Because the computing scheme is based on an Internet standard, it can manage data and applications from internal and external sources consistently, erasing the line between the Internet and hospital systems.
That sets up the industry for a new generation of computer system development that leverages the Internet and standardizes healthcare applications based on the same XML format, says Robert Pickton, Baylor's senior vice president and chief information officer.
Meanwhile, the new systems continue to communicate with the older information systems that are fitted for XML-based data management. Ultimately the diverse information sources can be channeled to Web browsers anywhere in the Baylor service area to create a singular and universally accessible "portal view" for the healthcare system, Pickton says.
But the long-term potential of the Microsoft blueprint depends on its acceptance among suppliers of healthcare computerization, Vogel says. "It's going to require a lot of participation on the part of vendors."
Microsoft says it has support from several vendors and customers, including Partners HealthCare System in Boston, Sequoia Software, Shared Medical Systems in Malvern, Pa., and Superior Consultant Holdings Corp. in Southfield, Mich. The Microsoft Web site also is replete with details to jump-start development.
Though most of the development work in healthcare would be left to vendors using Microsoft building blocks, the Redmond, Wash.-based software giant is developing its own onscreen presentation called a "digital dashboard," which can search out specific data from the Web and from a hospital's information systems and organize it all for a particular user.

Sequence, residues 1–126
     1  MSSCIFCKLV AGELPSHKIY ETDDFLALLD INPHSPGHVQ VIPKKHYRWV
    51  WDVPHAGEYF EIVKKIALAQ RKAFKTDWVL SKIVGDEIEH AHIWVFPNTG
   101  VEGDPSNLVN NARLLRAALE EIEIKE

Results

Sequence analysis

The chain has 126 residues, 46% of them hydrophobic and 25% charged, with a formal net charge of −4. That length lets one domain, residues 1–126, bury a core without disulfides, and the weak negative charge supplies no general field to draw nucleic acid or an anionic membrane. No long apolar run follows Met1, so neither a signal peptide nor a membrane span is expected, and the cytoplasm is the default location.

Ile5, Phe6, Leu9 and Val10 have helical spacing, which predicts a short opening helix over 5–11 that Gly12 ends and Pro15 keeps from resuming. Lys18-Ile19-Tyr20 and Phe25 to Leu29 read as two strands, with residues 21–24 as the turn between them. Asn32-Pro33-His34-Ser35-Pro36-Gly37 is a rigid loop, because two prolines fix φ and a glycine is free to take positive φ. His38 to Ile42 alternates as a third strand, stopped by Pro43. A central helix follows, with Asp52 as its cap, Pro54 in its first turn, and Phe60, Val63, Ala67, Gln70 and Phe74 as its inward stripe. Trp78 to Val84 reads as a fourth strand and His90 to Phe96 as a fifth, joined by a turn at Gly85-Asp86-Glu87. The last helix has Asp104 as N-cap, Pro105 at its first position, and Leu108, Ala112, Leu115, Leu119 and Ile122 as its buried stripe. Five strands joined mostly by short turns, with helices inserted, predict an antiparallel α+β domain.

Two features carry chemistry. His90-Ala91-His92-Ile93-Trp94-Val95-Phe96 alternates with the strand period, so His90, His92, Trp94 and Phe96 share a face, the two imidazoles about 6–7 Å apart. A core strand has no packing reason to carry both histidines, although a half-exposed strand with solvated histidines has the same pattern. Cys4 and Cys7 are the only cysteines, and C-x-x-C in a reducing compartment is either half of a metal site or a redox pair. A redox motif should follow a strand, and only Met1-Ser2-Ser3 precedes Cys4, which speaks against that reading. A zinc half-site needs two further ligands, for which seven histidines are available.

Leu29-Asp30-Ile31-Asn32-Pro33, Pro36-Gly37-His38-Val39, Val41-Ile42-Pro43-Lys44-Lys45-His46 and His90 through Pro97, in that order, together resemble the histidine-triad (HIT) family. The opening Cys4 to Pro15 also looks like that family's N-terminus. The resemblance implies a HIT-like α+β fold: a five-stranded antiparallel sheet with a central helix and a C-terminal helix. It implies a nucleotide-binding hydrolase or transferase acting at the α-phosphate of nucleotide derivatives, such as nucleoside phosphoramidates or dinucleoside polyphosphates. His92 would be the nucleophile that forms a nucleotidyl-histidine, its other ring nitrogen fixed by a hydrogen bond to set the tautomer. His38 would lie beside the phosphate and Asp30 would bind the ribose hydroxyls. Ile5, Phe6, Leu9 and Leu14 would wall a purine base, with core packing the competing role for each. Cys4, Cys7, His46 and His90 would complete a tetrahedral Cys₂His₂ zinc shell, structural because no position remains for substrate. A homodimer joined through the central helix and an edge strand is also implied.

"Part of the idea here is that someone can set this up according to their individual interests-mixing in what kinds of data actually drive their daily activities," Gates says. "And so you could have stock quotes, weather information, your voice mail notification-along with all that patient data and analysis-brought together exactly the way that you want it."
Underlying Microsoft's activity is a desire to "accelerate the pace of business change" in healthcare, which has been moving too slowly despite the need for breakthroughs in cost reduction, says Joel French, vice president of strategic development at Superior Consultant. "Microsoft is intensely impatient" with the inertia of decisionmakers, but healthcare executives also are rightly skeptical of spending more on information technology without assurance of return on investment, he says.
"The CEO is not looking for master plans. He's not looking for committees to vote on features and functions. I think those days are gone," French says.
Reorienting information technology around Internet innovations can better align software and business solutions, capitalizing on information that is available but difficult to use, says Deb Davis, division president of Superior Consultant.
"We have got to revolutionize IT, because the capital is not there," Davis says. Future information strategy "will be driven by the CEO's office and driven by business value and not technical minutiae," she says.
Internet-oriented architecture may sound like technical minutiae, but, French says, it's a framework for big-picture business strategy, enabling healthcare systems to change more quickly with less risk and less threat of technological obsolescence.
Microsoft's selected solutions won't succeed, however, unless they show results in practice. "If value is proved, (Microsoft's solutions) will be standards," French says. "If value is not proved, (they) will be just a lot of noise."